Belle Hall Covered Bridge, Croton Ohio
The Belle Hall Covered Bridge is the last such structure remaining in Bennington Township, Licking County, and one of only seven left in a county that once had around eighty of these roofed spans. It was built in 1887.
Attempts to find out the past history of this bridge have not been too successful. The bridge was named for a lady named Belle Hall who lived not far from the bridge. Her son, Gerald Hall still lived on Dutch Cross Road near the bridge. The old bridge spans little Otter Fork, a branch of the north fork, of the Licking River. Bennington Township never had more than 4 or 5 covered bridges and the Belle Hall Bridge has been the only one for the past twenty-five years.
The Belle Hall Bridge is of simple design, its trusses pinned together with wooden pins called trunnels. It serves the area on a quiet, little-traveled township road, in a scenic setting. The people of Bennington Township are proud and fond of this little covered bridge and want to see it preserved for posterity.
The Belle Hall Bridge is a one-span wooden truss covered bridge spanning Otter Fork three miles east of Croton in Bennington Township on township road 56 (Dutch Cross Road), Licking County, Ohio. This old span has vertical, high-boarded siding, a metal roof, straight portals and cut-stone abutments.
This old span is known as the Belle Hall Bridge and was built in 1887 on the once-common multiple kingpost truss plane The kingpost truss is a triangular arrangement of timbers in which the diagonals are the compression members and the center post or kingpost, is the tension member. This was the most commonly built wooden bridge truss in Ohio and is still the most numerous of our wooden trusses. The basic kingpost and multiple kingpost was easy for the farmer-carpenter-builder who built so many of Ohio's smaller covered spans, to build. The Belle Hall Bridge is a panel multiple kingpost with an open center panel, 56' long overall with a clear span of 42'. The roadway width is 12'2" and the overall width of the structure is 15'3", The vertical clearance is 12'. The height of the trusses is 13', The truss end posts are 1-9½" x 6½" and the truss diagonals are l9½" x 6½". The truss verticals are 1-5 ¾," x 9½". The top chords are 2-6½" x 7 ¾" and the lower chords are 2-12" x 6", The floor is one layer, laid crosswise. The abutments are cut-stone, dry laid.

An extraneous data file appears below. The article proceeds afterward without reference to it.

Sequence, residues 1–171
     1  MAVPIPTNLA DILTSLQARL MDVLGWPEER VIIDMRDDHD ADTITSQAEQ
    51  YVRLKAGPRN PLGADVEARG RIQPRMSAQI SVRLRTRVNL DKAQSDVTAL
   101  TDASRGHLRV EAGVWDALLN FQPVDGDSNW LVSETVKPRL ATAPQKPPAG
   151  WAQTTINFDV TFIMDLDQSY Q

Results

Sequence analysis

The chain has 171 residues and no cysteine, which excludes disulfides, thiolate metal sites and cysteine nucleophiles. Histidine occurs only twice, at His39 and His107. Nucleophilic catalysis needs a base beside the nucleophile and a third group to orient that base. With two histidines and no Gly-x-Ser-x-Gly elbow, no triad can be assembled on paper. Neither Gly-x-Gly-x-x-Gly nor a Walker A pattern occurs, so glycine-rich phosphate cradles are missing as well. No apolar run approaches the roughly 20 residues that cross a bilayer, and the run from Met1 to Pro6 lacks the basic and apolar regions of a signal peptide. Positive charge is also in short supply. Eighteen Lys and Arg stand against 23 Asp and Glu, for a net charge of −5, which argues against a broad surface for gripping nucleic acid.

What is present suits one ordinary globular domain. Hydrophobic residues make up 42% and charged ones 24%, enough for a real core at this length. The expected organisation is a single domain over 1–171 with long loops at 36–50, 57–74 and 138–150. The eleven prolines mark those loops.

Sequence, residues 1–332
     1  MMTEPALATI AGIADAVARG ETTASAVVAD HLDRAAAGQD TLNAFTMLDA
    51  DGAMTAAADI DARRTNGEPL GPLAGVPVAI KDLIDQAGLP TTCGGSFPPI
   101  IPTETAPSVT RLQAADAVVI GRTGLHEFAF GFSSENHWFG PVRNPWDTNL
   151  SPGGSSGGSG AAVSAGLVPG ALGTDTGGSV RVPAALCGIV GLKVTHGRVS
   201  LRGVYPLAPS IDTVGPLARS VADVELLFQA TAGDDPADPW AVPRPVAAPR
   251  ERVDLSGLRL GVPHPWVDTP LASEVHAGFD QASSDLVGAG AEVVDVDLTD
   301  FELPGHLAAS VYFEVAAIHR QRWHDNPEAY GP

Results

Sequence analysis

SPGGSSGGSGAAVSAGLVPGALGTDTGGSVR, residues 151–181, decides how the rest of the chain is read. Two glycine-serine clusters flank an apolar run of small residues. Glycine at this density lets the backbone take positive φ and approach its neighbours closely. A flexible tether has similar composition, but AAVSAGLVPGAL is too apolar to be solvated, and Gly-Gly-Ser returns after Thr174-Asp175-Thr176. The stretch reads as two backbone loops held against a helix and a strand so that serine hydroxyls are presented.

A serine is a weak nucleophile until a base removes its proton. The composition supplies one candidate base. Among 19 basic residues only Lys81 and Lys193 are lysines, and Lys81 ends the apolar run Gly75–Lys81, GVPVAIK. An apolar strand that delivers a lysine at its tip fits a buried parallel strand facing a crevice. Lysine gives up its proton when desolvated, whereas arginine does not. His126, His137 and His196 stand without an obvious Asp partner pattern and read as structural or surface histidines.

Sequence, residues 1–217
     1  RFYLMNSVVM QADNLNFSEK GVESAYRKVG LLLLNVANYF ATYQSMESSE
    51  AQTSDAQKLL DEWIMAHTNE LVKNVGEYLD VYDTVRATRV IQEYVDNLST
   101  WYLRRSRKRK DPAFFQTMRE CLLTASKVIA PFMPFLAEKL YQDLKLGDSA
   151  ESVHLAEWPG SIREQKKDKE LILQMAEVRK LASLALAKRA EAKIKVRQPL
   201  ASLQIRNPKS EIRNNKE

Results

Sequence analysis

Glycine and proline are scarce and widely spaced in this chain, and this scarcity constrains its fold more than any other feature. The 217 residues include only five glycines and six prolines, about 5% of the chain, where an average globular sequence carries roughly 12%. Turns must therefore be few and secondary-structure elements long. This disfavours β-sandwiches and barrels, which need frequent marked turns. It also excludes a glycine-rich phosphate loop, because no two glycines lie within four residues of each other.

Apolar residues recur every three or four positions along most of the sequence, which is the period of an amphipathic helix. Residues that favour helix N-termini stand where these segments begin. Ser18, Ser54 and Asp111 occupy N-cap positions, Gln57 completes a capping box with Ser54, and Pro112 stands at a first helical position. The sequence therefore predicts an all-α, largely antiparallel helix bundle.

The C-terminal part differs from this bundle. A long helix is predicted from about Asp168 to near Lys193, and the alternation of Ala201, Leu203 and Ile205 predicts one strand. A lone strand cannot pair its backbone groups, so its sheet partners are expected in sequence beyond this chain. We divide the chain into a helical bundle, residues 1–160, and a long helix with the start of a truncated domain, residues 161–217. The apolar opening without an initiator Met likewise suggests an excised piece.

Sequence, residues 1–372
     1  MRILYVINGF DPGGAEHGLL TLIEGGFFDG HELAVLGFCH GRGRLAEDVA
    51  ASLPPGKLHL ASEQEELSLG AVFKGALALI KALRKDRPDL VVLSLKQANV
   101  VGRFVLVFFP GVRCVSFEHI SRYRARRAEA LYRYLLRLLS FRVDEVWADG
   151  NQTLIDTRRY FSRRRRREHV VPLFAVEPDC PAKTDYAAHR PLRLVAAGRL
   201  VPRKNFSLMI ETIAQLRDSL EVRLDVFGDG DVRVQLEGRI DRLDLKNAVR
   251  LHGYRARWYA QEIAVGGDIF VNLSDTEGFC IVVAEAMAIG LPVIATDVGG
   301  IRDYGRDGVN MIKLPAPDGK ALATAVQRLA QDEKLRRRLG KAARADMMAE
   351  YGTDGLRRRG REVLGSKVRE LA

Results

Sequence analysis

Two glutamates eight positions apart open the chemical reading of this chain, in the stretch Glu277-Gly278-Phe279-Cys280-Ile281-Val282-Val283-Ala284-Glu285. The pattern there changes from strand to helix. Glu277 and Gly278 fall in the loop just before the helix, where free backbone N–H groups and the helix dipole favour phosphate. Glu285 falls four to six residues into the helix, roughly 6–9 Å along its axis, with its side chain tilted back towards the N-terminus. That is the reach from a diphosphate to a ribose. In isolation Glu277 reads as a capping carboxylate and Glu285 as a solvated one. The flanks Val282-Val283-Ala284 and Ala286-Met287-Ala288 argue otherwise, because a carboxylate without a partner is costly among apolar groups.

The old Belle Hall Bridge has undergone many changes over the years and we cannot be sure just when all these changes took place. Pictures of the bridge taken in the early 1950's show 2-7/8" steel cables running from near the top of the end posts and down beneath the floor under the two center floor beams. This was a method used in other Licking County covered bridges for added reinforcement. When these cables were added is not known, but they were not there in a 1933 photo of this bridge. The second truss diagonals are missing on both sides of the bridge at both ends. This seems to have happened over the past twenty years, as all truss diagonals were there in the early 1950's. A 1964 photo shows one diagonal missing at that time. On August 8, 1971, a truck loaded with 16 tons attempted to cross this bridge and the floor system failed and much damage was done to flooring, floor beams and joists. Five steel I-beams from abutment to abutment now support this bridge. The bridge seats are also steel I beams. A new floor was put in, too. We do not know if the rest of the missing truss members were out at that time or not. The steel cables mentioned above are no longer there.
In the early 1950s, the bridge was painted white with black and white warning stripes on the portals. Typical of all Licking County covered bridges, this bridge has straight portals with the upper part cut diagonally. The metal roof is in good condition. The bridge was painted a deep red on both siding and portals after the rebuilding mentioned above, and the bridge does present an attractive appearance and seems to be adequate for the small amount of traffic on this little-used township road.